With the long-time-coming resignation of CEO Dick Costolo, the continued lack of profitability and the reported slowdown in growth of monthly active users (MAUs), there’s been a lot of talk recently about the decline of Twitter. So is the firm just treading water until it’s acquired, or does it still have fight in its belly?
These are some of the questions I’ve been asking a range of social media analysts of late for an upcoming feature for IT Pro in Hong Kong. The answers were surprisingly positive for the firm. And I can summarise them thus:
- The firm certainly made mistakes in the past, by failing to develop a revenue generating business model early enough. It hasn’t helped that several founders have had fingers in other start-up pies
- It’s still true that outside of marketers and media types, not many people use or “get” the service
- It’s been slow too to offer big brands a genuinely rich ad engagement platform to get their teeth into
- Its failure to tackle the problem of online abuse and trolling on the platform continues to concern many people
- It’s never managed to come up with an effective plan to challenge rival messaging products like Whatsapp, or photo-based social networks, like Instagram
- In Asia things are even tougher, given the strong local rivals, the need to localise in so many different flavours and its exclusion from a market of 6-700 million internet users (yes, that one)
“The problems with Twitter right now are around its growth. Today Twitter’s user base isn’t growing as fast as the company would like, and compared to the other major social networks the growth of Twitter’s user base isn’t at all comparable and could be classified as slow,” Gartner research director, Brian Blau, told me.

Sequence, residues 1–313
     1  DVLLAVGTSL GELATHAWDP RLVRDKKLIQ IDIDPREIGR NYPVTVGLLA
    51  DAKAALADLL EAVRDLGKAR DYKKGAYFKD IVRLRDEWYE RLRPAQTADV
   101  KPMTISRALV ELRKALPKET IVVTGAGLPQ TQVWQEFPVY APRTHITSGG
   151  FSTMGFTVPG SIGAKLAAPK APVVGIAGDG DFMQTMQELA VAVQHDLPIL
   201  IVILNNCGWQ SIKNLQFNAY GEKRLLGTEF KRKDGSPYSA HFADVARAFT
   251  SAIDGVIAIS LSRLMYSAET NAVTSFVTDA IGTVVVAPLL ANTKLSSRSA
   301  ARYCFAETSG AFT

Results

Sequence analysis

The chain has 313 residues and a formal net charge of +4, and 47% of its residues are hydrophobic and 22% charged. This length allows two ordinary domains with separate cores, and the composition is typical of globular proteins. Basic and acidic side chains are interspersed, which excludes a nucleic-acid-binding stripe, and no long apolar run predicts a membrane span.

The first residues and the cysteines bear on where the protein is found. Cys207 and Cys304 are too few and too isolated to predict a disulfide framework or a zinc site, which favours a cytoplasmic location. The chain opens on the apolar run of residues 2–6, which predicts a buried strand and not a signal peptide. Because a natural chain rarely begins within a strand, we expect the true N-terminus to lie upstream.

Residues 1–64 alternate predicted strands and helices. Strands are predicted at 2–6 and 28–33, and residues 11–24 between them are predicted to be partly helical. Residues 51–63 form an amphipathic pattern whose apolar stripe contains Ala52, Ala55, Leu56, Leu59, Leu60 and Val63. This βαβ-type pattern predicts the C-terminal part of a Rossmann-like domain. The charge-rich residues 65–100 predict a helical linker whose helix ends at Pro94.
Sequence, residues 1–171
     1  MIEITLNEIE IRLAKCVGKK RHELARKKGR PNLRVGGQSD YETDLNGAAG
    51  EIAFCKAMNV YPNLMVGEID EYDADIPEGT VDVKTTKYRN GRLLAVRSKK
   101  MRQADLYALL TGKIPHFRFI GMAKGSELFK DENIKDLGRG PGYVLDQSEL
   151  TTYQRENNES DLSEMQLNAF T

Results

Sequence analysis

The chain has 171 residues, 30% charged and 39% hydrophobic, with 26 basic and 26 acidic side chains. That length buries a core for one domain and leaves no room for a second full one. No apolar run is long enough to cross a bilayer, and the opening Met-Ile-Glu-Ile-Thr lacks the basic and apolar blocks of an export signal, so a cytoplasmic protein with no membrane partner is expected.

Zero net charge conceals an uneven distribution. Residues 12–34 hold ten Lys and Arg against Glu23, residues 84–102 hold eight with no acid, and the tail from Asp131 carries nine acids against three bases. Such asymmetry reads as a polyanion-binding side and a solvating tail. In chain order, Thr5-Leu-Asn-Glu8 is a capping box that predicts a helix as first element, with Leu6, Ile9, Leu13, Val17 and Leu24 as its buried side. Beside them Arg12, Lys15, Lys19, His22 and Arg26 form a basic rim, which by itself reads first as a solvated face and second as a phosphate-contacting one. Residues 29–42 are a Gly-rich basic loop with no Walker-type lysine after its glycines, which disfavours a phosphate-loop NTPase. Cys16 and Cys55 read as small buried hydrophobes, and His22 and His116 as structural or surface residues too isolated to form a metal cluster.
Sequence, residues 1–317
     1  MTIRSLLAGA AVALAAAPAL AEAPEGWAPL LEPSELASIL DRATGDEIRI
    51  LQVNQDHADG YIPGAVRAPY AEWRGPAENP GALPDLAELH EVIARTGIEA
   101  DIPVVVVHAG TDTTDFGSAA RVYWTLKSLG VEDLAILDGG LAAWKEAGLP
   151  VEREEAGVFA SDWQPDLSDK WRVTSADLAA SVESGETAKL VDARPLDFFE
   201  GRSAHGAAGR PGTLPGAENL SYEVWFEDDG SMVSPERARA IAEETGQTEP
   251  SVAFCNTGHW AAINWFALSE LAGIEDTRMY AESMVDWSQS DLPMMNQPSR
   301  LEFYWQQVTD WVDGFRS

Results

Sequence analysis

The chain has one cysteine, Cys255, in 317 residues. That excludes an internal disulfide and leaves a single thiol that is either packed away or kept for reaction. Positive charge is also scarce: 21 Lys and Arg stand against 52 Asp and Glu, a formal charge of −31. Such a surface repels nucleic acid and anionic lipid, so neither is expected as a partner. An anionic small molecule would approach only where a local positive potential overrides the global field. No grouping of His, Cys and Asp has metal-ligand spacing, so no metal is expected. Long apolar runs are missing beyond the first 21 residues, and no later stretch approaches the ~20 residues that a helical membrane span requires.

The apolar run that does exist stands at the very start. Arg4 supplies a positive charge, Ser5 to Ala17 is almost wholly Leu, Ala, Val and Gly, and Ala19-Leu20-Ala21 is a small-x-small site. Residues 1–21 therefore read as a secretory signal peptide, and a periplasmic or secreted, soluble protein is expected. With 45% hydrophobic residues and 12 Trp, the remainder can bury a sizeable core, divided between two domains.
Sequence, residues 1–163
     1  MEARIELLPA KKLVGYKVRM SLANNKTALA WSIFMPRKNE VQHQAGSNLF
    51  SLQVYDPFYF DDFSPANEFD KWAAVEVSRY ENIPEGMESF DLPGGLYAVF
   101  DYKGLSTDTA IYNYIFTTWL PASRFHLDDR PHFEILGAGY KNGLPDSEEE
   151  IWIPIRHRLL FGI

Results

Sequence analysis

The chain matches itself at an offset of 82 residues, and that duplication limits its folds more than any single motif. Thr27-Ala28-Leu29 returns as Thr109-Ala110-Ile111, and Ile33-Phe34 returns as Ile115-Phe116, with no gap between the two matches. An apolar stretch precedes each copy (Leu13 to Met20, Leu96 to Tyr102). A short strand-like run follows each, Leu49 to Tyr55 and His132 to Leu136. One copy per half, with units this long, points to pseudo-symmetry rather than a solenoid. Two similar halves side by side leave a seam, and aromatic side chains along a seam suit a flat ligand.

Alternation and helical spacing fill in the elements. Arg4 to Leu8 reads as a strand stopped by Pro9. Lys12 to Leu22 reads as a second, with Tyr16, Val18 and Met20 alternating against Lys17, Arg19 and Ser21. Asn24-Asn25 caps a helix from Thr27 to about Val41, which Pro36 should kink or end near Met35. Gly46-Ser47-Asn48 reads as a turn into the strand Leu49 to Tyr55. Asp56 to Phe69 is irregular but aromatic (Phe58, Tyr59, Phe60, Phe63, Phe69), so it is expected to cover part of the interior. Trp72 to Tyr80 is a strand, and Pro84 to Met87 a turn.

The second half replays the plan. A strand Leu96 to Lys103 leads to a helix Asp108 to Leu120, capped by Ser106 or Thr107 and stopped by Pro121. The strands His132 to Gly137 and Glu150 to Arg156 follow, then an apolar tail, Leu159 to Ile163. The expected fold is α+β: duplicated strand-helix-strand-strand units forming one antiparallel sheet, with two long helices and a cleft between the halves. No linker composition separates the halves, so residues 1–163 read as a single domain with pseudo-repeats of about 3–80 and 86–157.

“It’s clear that Costolo has to take some of the responsibility as he has been at the helm of the company for long enough to leave a lasting imprint. Given that the CEO has resigned at this point it’s clear that there’s some amount of responsibility that he is taking for the situation that the company is in today.”
However, the company can still turn things around, according to Ovum principal analyst, Pamela Clark-Dickson.
For one, it added 50 million MAUs from Q1 2014 to the same time this year – an 18%v increase – and its revenues went up by 74% to $436m, with ad revenues growing 71% to $388m, she told me. Quarterly losses have also been reduced from $511mn in Q4 2013 to $162.4mn in Q1 2015.
It’s therefore still too early to write off the Silicon Valley poster child, she said.
“I think that Twitter has a solid financial base on which to build, but I think that in 2015 the company does need to focus on growing its user base into new markets/demographics, and it needs to continue to provide its brand partners with the tools and data that they need to increase their engagement with Twitter users,” Dickson-Clark added.
“If Twitter can’t successfully execute on these two key requirements, then user growth will continue to dwindle, and brands will turn elsewhere. And at that point, Twitter may become an acquisition target for another company that has the vision and the resources to revitalize Twitter’s business and bring it back to growth.”